To be considered a Category 1 hurricane, the storm's maximum sustained winds have to hit at least 74 mph. The National Hurricane Center says Tropical Storm Erika's winds are at 45 mph with no projected significant change during the coming days.
However, the National Hurricane Center cites "unusually high uncertainty" in the intensity of the forecast over the next few days.
According to the National Hurricane Center, there is a Tropical Storm Warning in effect for Anguilla, Saba, St. Eustatius, St. Maarten, Montserrat, Antigua, Barbuda, St. Kitts, Nevis, St. Martin, St. Barthelemy, Puerto Rico, Vieques, Culebra, the U.S. and British Virgin Islands, and the north coast of the Dominican Republic from Cabo Engano to the border of Haiti.
There is a Tropical Storm Watch in effect for Guadeloupe, the Southeast Bahamas, and the Turks and Caicos Islands, said the National Hurricane Center.
Carolyn Kaster/Getty Images(WASHINGTON) -- Saudi Arabia's king is making a trip to Washington soon.
On Thursday, the White House announced Saudi Arabia's King Salman bin Abdulaziz Al Saud would be making his first trip to Washington D.C. since his ascension to the throne.
Next Friday, the Saudi king will meet with President Obama to discuss Syria, Yemen, and Iran's actions to destabilize the region.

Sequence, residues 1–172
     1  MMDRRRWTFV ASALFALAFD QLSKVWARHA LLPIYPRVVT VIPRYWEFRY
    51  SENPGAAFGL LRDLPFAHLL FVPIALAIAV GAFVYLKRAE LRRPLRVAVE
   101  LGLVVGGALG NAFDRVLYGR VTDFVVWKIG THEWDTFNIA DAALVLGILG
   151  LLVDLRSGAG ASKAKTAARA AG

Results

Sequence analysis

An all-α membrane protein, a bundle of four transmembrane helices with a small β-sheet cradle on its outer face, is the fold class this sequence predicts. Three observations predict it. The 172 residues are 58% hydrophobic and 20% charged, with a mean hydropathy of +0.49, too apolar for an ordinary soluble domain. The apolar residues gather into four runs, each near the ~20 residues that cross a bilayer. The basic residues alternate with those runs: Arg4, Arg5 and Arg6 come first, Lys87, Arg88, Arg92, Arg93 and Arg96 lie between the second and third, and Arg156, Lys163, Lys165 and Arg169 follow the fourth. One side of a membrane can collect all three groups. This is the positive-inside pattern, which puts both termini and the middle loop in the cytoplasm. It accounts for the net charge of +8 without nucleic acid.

White House Press Secretary Josh Earnest broke the news to reporters aboard Air Force One on Thursday where he said the visit "underscores the importance of the strategic partnership between the United States and Saudi Arabia.
Gareth Cattermole/Getty Images(LONDON) -- It's time for these animals' annual check-up.
On Wednesday, the Zoological Society of London's London Zoo held its annual "weigh-in," weighing more than 17,000 animals as a way to keep a record of their health and well-being.
According to ZSL, the data is then inputted into a database called the Zoological Information Management System (ZIMS), where other zoos can compare and share their information on their animals and endangered species.
The data recorded can also be used to identify pregnant animals, said ZSL.
Among the animals being weighed, 10-week-old penguin chicks and 80-year-old tortoises.
"With different behaviours, personalities and traits to take into consideration, zookeepers use ingenious tactics to entice the animals in their care to stand up and be measured; getting penguins to walk over scales as they line up for their morning feed and training tortoises to clamber onto scales hidden in their grassy paddock," said a statement on the ZSL website.